So Dickens decided he would write one novel where the center would be the commission of a crime: to wit, the disappearance (and probable murder) of the title character Edwin ("Ned") Drood. The novel's main figure would be Drood's young uncle (and rival) John Jasper. Both are in love with Rosa Bud, the ward of the lawyer Hiram Grewgious. Jasper, who is the choirmaster in "an old cathedral town" (based on Canterbury), is a secret opiun user. He loves his nephew, and yet cannot avoid hating him as a rival for the young woman. But they are not the only rivals here. Ned Landless, the brother of Helene Landless, is a headstrong young man who is courting Rosa (and it turns out he is actually the one she favors). There is a public scene between Landless and Drood, in which Landless threatens his rival, while a thoughtful Jasper looks on. Finally, Rosa and Edwin have a talk, and she firmly breaks off their engagement. Shortly afterwards, Edwin Drood vanishes.
Has he left to bury his wounded heart abroad? Has he met with an accident in which he has lost his memory, or is injured and unable to get notice to his friends? Has he been killed in an accident? Has he committed suicide? Has he been murdered...and by whom?
Jasper, of course, starts hinting broadly that his dear Ned has been murdered, and the murderer is Neville Landless. Landless insists that he and Drood have made up their quarrel (but there appears to be no witness to this). Jasper starts putting pressure on the local authorities (led by a beautiful example of Dickensian bureaucratic stupidity, Lord Mayor Thomas Sapsea) to arrest Neville, even though no body has been located. Neville flees.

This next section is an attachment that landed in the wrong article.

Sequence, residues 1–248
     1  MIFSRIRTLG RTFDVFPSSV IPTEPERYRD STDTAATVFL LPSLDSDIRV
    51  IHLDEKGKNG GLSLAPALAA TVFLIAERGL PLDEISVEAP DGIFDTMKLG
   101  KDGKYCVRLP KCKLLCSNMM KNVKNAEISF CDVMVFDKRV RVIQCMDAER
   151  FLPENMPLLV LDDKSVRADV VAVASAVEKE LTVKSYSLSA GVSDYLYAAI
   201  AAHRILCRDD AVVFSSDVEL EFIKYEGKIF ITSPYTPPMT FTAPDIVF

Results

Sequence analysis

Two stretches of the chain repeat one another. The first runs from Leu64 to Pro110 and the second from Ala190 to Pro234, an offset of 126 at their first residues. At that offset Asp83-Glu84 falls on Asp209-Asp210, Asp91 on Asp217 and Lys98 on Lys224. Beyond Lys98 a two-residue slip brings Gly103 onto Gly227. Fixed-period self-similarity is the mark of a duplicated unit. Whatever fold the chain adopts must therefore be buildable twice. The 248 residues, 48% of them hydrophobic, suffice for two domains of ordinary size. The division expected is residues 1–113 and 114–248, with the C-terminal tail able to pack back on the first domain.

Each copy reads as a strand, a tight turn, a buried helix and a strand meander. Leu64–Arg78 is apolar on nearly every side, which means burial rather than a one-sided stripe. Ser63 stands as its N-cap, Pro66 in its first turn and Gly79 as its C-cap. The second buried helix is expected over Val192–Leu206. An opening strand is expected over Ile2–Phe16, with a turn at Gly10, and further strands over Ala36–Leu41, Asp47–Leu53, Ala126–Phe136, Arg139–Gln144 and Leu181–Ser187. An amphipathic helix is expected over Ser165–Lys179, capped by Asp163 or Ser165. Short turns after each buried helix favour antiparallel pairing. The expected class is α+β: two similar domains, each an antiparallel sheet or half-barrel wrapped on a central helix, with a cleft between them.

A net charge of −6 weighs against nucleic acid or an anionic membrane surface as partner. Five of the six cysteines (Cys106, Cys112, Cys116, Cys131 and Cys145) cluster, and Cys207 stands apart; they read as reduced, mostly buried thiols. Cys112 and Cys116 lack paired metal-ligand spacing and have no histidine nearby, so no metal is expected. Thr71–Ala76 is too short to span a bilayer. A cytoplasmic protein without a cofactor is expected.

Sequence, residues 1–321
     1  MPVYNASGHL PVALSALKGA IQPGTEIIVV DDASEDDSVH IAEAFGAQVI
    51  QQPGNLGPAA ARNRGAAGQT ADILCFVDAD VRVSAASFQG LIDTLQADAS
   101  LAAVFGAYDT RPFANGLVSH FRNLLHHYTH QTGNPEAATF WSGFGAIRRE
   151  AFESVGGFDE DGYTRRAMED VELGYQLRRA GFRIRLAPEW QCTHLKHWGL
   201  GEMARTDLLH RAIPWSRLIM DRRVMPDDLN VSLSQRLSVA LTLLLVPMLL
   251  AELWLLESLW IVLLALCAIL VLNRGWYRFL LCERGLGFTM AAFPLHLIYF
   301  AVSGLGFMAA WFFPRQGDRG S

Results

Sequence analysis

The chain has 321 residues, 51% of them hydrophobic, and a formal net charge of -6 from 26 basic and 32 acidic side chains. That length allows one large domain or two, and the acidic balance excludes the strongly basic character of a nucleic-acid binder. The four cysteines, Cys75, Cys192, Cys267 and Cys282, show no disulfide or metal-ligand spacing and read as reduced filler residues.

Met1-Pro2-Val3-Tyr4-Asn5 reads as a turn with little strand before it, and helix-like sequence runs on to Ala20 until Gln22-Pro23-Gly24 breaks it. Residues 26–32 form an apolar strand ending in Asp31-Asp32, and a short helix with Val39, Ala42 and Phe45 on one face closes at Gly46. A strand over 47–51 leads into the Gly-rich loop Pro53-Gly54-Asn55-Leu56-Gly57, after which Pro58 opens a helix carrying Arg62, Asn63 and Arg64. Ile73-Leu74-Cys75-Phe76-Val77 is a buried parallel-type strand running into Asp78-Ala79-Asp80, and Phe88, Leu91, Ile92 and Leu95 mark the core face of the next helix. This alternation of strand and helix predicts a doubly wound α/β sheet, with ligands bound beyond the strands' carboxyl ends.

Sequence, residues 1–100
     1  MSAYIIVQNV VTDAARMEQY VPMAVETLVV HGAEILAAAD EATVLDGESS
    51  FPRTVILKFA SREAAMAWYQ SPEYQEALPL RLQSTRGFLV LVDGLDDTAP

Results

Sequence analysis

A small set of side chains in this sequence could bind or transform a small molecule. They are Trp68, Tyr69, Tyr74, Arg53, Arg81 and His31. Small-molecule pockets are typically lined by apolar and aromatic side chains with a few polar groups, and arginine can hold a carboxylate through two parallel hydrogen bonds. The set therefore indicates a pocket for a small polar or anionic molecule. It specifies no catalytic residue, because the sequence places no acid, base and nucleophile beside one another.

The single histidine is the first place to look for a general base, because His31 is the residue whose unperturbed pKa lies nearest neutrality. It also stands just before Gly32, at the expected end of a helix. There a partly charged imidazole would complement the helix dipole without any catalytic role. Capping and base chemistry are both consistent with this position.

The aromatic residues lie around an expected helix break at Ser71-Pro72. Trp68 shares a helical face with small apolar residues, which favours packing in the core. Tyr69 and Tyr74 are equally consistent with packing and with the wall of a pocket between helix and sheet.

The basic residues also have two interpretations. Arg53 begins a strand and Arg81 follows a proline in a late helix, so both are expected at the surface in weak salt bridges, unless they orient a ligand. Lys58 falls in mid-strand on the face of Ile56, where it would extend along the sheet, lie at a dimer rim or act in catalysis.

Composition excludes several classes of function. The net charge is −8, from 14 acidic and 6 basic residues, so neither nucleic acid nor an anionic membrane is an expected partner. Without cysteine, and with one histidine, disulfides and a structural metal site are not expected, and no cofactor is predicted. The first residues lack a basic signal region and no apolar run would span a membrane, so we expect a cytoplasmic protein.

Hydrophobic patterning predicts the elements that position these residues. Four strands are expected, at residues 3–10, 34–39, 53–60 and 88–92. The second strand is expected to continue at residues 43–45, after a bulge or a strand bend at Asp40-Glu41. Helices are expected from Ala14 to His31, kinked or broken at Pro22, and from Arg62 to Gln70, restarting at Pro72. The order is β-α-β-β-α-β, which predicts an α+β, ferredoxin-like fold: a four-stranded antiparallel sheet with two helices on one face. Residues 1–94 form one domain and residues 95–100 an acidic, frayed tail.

Jasper has the situation in his hand ... except that Neville's sister Helene does not trust him (and she makes a smitten ally in a young naval officer, Lieutenant Tartar). Grewgious also has his suspicions, when Jasper faints when he hears from the lawyer that Edwin and Rosa had broken their engagement. Reverend Crisparkle, the local clergyman, keeps Rosa comforted - but he is worried because Neville's fleeing is not good for his reputation of being innocent. Then to add to Jasper's woes, the old lady running the opium den he frequents (known as "the Princess Puffer") shows up, apparently looking into possible blackmail after she overhears something Jasper said about the missing Ned while under the drug. Similarly a stranger with a long white beard, Dick Datcherly, comes to town, and is making many inquiries. He meets the Princess Puffer, and he also meets "Durdles", the keeper of the local cathedral's burial grounds, who tells him about Jasper's interest in quicklime, and in the Sapsea memorial, which is supposed to be empty.